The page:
It is often stated that the accumulation of excess body weight is a simple matter of energy intake exceeding energy expenditure. While this notion is certainly correct, it does not account for the myriad of factors that drive one to consume more calories than necessary.
Take for example the size of a bowl from which you eat your snacks.
Could this simple factor play a role in the number of calories you may consume?
Back in 2005, Wansink and Cheney performed a wonderfully simple study and found t........ Read more »

Wansink, B. (2005) Super Bowls: Serving Bowl Size and Food Consumption. JAMA: The Journal of the American Medical Association, 293(14), 1727-1728. DOI: 10.1001/jama.293.14.1727  

  • December 13, 2010
  • 08:33 AM

BDNF and Depression

by Scicurious in Neurotic Physiology

I’ve written a bunch of posts in the past on serotonin, the serotonin theory of depression (and why it’s probably wrong), and some stuff on current antidepressant treatments. And I even talked before a little bit about the serotonin theory vs the BDNF theory. But I’ve never really COVERED what the BDNF theory IS and [...]... Read more »

Schmidt HD, & Duman RS. (2010) Peripheral BDNF Produces Antidepressant-Like Effects in Cellular and Behavioral Models. Neuropsychopharmacology : official publication of the American College of Neuropsychopharmacology. PMID: 21085113  

  • December 13, 2010
  • 08:00 AM

The lonely places: Where could life exist, but doesn’t?

by Zen Faulkes in NeuroDojo

Our planet is covered with life. Birds fly over Mount Everest; ecosystems thrive at hot vents at the bottom of the ocean. And the more we have looked, the more and more weird places we find organisms living in places we thought was completely uninhabitable.

Given all the interest in the idea that life could exist without phosphorus, this new article by Cockell is extremely timely. Cockell points out that if we want to understand life, we have to pay attention not just to where life is present, ........ Read more »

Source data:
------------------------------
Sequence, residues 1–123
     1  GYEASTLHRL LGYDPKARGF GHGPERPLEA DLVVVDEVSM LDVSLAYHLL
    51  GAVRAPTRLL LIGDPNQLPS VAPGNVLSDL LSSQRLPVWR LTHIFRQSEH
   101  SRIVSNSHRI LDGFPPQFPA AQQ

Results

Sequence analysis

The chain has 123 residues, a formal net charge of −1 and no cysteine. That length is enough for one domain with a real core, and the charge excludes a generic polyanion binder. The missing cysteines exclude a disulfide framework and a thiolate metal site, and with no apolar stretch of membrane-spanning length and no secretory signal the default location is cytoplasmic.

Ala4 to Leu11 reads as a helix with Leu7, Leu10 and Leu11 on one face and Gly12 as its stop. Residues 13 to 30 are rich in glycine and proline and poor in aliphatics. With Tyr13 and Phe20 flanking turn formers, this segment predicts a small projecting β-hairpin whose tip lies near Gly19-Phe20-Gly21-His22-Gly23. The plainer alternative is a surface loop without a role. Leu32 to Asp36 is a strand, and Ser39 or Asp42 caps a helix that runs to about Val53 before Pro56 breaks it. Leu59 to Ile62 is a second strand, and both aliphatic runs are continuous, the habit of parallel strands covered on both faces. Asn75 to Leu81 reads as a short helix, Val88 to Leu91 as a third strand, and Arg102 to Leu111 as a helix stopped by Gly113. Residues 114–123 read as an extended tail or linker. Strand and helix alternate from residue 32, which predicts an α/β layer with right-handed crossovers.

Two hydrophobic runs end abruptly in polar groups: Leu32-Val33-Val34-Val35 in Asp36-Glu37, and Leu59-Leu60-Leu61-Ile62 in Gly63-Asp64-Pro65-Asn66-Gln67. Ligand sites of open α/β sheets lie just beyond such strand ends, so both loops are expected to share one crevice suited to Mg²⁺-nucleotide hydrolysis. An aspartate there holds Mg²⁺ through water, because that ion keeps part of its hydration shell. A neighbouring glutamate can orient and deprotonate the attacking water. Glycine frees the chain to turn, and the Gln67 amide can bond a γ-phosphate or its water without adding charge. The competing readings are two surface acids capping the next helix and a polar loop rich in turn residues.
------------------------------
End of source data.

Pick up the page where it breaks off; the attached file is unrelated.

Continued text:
Cockell CS. (2011) Vacant habitats in the Universe. Trends in Ecology . info:/10.1016/j.tree.2010.11.004

  • December 13, 2010
  • 07:12 AM

Arsenic-based life and the nature of science

by Kent in Uncommon Ground

If you read this blog, you probably read about the report in Science describing a claim that scientists had isolated a bacterium from Mono Lake in California that substitutes arsenic for phosphorus to sustain its growth. Our data show evidence...... Read more »

Wolfe-Simon, F., Blum, J., Kulp, T., Gordon, G., Hoeft, S., Pett-Ridge, J., Stolz, J., Webb, S., Weber, P., Davies, P.... (2010) A Bacterium That Can Grow by Using Arsenic Instead of Phosphorus. Science. DOI: 10.1126/science.1197258  

  • December 13, 2010
  • 07:00 AM

December 13, 2010

by Erin Campbell in HighMag Blog

It is always exciting to read a paper that describes a fascinating discovery. It is even more exciting when that discovery opens the door to so many interesting questions. The paper that brought us today’s image is a great example of this.... Read more »

  • December 13, 2010
  • 06:07 AM

When cross-examination [of the expert witness] offends

by Doug Keene in The Jury Room

Your witnesses can make your case. They can also make your case a dog.  I was called several months ago to do witness preparation for trial on a commercial case that was, before our key witnesses flamed out in deposition, viewed as a mid-7 figure case.  After a dismal deposition performance, the plaintiff attorneys that [...]

Related posts:Overdoing it: Is there such a thing as too little anxiety in your witness?
“I didn’t know truth had a gender”
Tattoos: When should you clean up your........ Read more »

  • December 13, 2010
  • 05:45 AM

Redefining Great Britain

by GrrlScientist in GrrlScientist

This research paper describes a clever way to redefine and redraw geographical areas using telephone communication networks... Read more »

Carlo Ratti, Stanislav Sobolevsky, Francesco Calabrese, Clio Andris, Jonathan Reades, Mauro Martino, Rob Claxton, & Steven H. Strogatz. (2010) Redrawing the Map of Great Britain from a Network of Human Interactions. . PLoS ONE, 5(12). info:/10.1371/journal.pone.0014248

  • December 13, 2010
  • 05:28 AM

When and how psychological data is collected affects the kind of students who volunteer

by BPS Research Digest in BPS Research Digest

Psychology has a serious problem. You may have heard about its over-dependence on WEIRD participants - that is, those from Western, Educated, Industrialised, Rich Democracies. More specifically, as regular readers will be aware, countless psychology studies (especially those with a social bent) involve undergraduate students, often those studying psychology. Apart from the obvious fact that this limits the generalisability of the findings, Edward Witt and his colleagues provide evidence in a new........ Read more »